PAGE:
On Fatherhood

Anthony Bourdain was my dad. Not in a biological sense, not in an adoptive sense, not in any familial sense at all. I never met the man; he didn’t know I existed. Such a nonsensical allegation might disqualify any latter statements, and yet I stand by these words. It’s not so much that the man raised me, but that I saw so much of my actual father in him that for many years when I was growing up, hooked on the TV, I subconsciously transposed the two when one or the other wasn’t around.

1995, building a bike

My dad is an incredible man. Deeply intelligent, sarcastic, strong, compassionate, and loving to a fault. He would move the earth for his family, do anything it took to make his children happy. He wouldn’t dote on us because we were too rebellious to allow such an indulgence, but he’s always been the one putting in the hours, working in places with people he’d rather never met, to give us the best life possible. That’s why he was always traveling when I was younger, always on the job, seeing far off lands that I couldn’t begin to imagine.

When I found Mr. Bourdain and his incredible adventures, I felt as if it was some sort of glimpse at my dad’s secret life, of the places he would go when he packed up his bags and climbed into the bulky airport shuttle van once again. Granted, my dad isn’t nearly such a foodie, nor had time to cavort on the streets to seek out such wild exploits. His time was occupied by meetings with professionals in anonymous grey buildings that could have truly been located anywhere in the world. I had no idea, so I made up my own narrative. I wanted to believe that he was having just as much fun, too.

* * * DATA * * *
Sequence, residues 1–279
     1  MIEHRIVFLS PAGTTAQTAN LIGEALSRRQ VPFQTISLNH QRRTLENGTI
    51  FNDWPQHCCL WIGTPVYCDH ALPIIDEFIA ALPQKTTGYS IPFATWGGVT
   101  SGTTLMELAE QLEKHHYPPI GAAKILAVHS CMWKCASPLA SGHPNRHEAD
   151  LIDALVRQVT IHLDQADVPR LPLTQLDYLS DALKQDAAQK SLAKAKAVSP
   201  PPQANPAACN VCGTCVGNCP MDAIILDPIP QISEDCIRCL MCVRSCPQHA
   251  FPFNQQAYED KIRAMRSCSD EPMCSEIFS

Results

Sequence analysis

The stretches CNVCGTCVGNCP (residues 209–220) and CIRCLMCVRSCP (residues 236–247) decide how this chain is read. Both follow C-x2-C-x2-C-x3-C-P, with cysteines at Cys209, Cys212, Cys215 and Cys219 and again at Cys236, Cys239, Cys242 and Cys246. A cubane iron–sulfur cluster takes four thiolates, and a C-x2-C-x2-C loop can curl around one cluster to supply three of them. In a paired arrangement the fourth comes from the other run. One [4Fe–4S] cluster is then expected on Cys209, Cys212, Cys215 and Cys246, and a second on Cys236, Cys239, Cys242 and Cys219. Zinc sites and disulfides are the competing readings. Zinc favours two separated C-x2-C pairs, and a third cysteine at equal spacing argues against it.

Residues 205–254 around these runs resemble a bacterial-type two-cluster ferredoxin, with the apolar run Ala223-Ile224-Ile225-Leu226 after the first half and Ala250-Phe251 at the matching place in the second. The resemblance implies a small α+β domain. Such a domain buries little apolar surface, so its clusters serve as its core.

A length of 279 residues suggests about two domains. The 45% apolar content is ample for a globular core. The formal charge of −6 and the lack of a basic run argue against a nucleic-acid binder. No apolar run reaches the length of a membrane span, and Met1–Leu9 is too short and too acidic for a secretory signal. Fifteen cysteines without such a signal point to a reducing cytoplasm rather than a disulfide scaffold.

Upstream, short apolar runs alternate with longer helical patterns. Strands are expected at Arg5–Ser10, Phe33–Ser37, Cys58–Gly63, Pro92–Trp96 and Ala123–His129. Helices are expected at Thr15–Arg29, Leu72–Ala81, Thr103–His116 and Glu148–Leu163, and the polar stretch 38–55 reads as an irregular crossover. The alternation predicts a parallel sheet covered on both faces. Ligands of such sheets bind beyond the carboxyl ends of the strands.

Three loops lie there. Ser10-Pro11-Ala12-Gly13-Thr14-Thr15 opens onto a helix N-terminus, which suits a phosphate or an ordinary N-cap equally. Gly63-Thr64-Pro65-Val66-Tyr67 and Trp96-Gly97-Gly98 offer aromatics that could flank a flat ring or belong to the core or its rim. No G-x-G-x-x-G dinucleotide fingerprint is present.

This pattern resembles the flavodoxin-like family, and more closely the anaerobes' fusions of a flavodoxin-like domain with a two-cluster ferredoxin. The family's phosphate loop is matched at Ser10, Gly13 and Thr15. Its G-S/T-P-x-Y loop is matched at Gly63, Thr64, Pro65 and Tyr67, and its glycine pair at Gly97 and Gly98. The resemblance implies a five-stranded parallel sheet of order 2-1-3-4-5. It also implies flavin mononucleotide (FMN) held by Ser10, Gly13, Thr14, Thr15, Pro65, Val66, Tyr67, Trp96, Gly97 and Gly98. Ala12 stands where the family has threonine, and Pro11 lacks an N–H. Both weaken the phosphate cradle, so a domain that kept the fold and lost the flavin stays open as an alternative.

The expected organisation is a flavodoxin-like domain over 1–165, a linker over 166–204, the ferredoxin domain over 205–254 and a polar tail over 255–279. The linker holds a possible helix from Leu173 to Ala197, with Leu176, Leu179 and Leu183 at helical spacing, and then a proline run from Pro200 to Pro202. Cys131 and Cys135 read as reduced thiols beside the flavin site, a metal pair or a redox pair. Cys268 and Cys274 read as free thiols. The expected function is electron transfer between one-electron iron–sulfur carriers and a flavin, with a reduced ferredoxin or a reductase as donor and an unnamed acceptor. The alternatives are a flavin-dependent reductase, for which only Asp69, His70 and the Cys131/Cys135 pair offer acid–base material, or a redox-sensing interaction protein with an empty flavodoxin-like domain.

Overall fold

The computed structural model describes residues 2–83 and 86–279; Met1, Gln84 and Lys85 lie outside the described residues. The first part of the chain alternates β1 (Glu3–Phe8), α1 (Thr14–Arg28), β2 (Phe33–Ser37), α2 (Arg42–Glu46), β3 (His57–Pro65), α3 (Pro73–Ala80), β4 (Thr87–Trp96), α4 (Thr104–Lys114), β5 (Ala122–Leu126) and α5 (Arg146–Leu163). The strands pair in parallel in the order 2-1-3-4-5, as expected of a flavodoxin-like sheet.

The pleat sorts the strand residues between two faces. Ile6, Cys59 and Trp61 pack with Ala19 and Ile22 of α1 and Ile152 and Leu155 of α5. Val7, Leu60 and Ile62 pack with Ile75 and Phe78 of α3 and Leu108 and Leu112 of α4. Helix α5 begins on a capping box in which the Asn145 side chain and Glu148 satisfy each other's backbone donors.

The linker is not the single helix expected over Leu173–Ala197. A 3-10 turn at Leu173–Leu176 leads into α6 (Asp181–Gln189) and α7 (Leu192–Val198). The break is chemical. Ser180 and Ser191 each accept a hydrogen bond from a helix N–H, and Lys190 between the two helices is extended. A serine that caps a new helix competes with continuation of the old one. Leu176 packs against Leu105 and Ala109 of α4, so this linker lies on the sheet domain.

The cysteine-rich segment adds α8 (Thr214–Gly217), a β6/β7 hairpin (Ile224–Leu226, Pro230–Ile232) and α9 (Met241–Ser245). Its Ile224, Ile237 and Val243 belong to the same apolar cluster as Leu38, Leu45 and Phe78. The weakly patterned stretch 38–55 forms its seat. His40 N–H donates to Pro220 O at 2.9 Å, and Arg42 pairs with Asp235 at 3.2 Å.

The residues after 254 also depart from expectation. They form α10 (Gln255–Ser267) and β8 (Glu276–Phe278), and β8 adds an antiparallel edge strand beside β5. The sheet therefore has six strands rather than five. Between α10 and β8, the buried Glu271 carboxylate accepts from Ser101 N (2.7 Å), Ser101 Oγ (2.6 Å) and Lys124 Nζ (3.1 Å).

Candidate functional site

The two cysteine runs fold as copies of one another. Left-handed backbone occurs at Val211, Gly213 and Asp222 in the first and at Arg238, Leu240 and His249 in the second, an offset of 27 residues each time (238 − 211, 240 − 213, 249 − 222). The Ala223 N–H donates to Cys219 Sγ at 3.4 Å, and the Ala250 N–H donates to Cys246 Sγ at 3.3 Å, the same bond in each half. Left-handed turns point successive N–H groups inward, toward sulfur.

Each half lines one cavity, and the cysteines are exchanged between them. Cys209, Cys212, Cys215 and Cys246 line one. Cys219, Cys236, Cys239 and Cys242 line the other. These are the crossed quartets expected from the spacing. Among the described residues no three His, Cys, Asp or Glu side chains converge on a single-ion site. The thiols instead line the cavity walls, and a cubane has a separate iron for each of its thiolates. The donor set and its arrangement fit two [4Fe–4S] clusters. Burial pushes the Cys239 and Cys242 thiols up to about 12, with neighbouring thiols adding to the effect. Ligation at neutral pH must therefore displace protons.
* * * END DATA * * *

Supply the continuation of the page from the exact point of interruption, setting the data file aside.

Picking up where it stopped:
1992, my sister and I pile on

I realize all this in hindsight, as I try desperately to pull apart my intense reaction to the news of Mr. Boudain’s passing. He may not have as many fans within the vegan community, but that’s truly besides the point; it’s downright offensive that anyone could consider this anything less than a tragedy, a horrendous loss of a person with a lot of heart, and sadly, a lot of demons. It’s still hard to accept the fact that he’s gone, that he will never again shed light on a place where no other journalist would dare explore, speak to locals otherwise overlooked, try foods no average American would dream of consuming.

I cling even more tightly to my real father now, despite the physical distance that separates us. We send silly emails back and forth, commenting on ridiculous news stories or funny anecdotes from our days. Nothing big or serious; we rarely even say “I love you” outright, but it’s always implied. I feel so incredibly lucky to have this incredible human being in my life, and the loss of another is a powerful reminder of that.

1989, still new at this